From the WP Writers Group via the U-T:
Here’s a quick overview: Though Congress technically is on its summer break, most members of the Senate and House use part of the August recess to meet with and listen to constituents back in their home districts.
This year, the two biggest housing trade groups — the 1.2 million-member National Association of Realtors and the National Association of Home Builders — are spending the month mounting unusually intense grass-roots lobbying campaigns to make the case for extending the credit, and maybe even expanding it.
On a national basis, according to economists at the National Association of Realtors, anywhere from 300,000 to 350,000 additional sales of houses will be stimulated this year by the credit. Each home sale generates approximately $63,000 in downstream “ripple effects” elsewhere in the economy, they say — sales of furnishings, appliances, lawn mowers, landscaping, renovation materials, plus moving expenses.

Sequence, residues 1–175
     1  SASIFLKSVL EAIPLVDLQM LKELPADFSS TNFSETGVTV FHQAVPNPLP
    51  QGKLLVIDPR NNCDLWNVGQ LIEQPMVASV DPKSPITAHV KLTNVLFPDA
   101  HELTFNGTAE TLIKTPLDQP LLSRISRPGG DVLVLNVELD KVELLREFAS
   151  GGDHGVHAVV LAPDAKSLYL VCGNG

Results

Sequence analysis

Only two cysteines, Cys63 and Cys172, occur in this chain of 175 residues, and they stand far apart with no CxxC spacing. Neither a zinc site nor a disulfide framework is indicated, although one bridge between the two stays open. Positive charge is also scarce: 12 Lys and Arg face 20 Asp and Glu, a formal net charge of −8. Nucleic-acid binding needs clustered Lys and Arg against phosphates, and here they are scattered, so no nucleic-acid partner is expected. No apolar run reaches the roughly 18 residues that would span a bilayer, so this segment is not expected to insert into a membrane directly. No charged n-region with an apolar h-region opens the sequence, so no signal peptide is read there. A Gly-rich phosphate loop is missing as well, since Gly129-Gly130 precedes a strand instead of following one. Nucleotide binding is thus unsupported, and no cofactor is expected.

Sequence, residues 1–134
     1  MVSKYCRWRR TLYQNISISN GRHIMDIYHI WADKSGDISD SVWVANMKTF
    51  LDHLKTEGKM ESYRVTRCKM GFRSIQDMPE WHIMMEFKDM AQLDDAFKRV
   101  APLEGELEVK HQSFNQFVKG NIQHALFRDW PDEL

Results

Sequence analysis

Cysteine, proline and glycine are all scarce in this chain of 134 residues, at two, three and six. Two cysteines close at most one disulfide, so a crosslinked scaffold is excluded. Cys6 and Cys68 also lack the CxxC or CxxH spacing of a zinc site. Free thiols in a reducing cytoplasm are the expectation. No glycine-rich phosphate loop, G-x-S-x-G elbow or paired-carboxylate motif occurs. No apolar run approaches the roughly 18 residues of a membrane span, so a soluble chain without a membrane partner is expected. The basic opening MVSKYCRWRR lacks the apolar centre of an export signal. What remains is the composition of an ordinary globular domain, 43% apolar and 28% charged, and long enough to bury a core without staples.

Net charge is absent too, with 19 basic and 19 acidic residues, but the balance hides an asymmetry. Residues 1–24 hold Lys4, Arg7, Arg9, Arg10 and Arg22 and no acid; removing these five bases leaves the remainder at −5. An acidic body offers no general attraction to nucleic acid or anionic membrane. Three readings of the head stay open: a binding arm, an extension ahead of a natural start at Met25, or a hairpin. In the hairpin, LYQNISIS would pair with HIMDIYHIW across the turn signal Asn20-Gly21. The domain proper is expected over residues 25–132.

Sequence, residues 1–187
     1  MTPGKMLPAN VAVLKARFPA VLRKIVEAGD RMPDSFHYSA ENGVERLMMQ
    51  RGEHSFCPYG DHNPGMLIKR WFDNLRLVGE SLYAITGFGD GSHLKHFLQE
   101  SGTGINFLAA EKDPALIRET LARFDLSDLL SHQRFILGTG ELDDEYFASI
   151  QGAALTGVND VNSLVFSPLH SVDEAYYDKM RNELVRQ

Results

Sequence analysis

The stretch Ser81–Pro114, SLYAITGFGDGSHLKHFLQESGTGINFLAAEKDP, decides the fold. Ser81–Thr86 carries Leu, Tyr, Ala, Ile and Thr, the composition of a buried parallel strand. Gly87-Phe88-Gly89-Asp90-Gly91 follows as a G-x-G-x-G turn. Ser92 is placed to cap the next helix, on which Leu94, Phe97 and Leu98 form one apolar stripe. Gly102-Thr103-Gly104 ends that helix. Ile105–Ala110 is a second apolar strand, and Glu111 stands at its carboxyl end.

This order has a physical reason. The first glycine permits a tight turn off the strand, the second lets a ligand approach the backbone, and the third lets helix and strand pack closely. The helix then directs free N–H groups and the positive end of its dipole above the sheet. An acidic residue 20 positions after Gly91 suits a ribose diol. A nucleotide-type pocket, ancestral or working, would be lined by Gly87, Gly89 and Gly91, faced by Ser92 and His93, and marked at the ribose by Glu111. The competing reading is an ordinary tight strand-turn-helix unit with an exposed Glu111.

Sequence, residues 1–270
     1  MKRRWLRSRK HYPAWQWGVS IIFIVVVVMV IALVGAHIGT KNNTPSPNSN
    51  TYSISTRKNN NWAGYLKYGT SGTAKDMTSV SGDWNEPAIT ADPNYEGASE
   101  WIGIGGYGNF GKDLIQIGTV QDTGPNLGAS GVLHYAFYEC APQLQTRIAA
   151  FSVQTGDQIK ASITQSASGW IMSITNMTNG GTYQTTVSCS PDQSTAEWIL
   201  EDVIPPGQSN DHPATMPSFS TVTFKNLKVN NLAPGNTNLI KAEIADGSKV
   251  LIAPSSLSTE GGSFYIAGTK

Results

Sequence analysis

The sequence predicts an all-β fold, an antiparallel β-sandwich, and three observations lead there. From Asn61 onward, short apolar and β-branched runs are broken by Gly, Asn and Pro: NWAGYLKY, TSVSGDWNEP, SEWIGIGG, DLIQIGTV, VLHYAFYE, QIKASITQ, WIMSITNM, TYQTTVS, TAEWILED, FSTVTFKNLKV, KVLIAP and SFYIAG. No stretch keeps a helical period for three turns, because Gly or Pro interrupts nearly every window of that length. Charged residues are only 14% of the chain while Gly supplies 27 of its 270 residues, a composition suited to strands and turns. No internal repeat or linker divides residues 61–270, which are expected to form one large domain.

If you accept the numbers — and some analysts consider them a stretch — this means the housing credit provides a powerful, immediate stimulus bang for the buck. Failure to extend what may be one of the most effective pieces of the Obama administration’s 2009 stimulus legislation would cost jobs, economic growth and tax revenues, the housing groups argue.
There are some early signs Congress may be getting the message. Bills already are pending in both houses to extend the credit for another year.
Senate Majority Leader Harry M. Reid, D-Nev., whose state has been among the worst hit by the housing bust, reportedly now favors an extension of the credit. He was quoted to that effect by the Las Vegas Sun on Aug. 5, adding, “It’s something we can get done.”
Sen. Chris Dodd, D-Conn., chairman of the Senate Banking Committee and in a tight race for re-election next year, is co-sponsoring a bill with Georgia Republican Johnny Isakson that would raise the credit amount to a maximum of $15,000. Meanwhile, both the Realtors and the builders are pushing not only for extension of the credit, but for broadening it to cover all home purchases in 2010.
In the end, however, given the political economics of the housing credit, the odds favor some sort of extension, probably later rather than sooner. Don’t bank on a bigger credit, however, or broadening the concept to cover all purchasers next year.